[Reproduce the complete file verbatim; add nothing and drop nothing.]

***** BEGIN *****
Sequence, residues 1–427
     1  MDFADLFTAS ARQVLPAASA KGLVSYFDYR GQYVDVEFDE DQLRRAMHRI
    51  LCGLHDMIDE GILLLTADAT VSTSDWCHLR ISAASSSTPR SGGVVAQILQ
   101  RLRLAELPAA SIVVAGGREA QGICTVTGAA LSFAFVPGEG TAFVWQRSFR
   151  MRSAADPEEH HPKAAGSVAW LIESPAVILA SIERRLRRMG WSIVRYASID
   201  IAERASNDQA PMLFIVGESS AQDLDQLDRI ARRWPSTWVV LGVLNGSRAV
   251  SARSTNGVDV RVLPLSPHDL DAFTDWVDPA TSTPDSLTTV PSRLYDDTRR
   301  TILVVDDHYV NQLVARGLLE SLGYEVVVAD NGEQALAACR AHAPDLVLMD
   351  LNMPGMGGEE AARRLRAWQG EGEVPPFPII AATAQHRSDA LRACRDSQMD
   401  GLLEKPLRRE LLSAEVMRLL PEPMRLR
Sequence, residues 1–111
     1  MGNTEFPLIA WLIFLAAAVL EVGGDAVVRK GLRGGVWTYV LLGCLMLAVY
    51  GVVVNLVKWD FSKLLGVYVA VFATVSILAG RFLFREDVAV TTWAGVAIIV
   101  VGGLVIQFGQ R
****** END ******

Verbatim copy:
Sequence, residues 1–427
     1  MDFADLFTAS ARQVLPAASA KGLVSYFDYR GQYVDVEFDE DQLRRAMHRI
    51  LCGLHDMIDE GILLLTADAT VSTSDWCHLR ISAASSSTPR SGGVVAQILQ
   101  RLRLAELPAA SIVVAGGREA QGICTVTGAA LSFAFVPGEG TAFVWQRSFR
   151  MRSAADPEEH HPKAAGSVAW LIESPAVILA SIERRLRRMG WSIVRYASID
   201  IAERASNDQA PMLFIVGESS AQDLDQLDRI ARRWPSTWVV LGVLNGSRAV
   251  SARSTNGVDV RVLPLSPHDL DAFTDWVDPA TSTPDSLTTV PSRLYDDTRR
   301  TILVVDDHYV NQLVARGLLE SLGYEVVVAD NGEQALAACR AHAPDLVLMD
   351  LNMPGMGGEE AARRLRAWQG EGEVPPFPII AATAQHRSDA LRACRDSQMD
   401  GLLEKPLRRE LLSAEVMRLL PEPMRLR
Sequence, residues 1–111
     1  MGNTEFPLIA WLIFLAAAVL EVGGDAVVRK GLRGGVWTYV LLGCLMLAVY
    51  GVVVNLVKWD FSKLLGVYVA VFATVSILAG RFLFREDVAV TTWAGVAIIV
   101  VGGLVIQFGQ R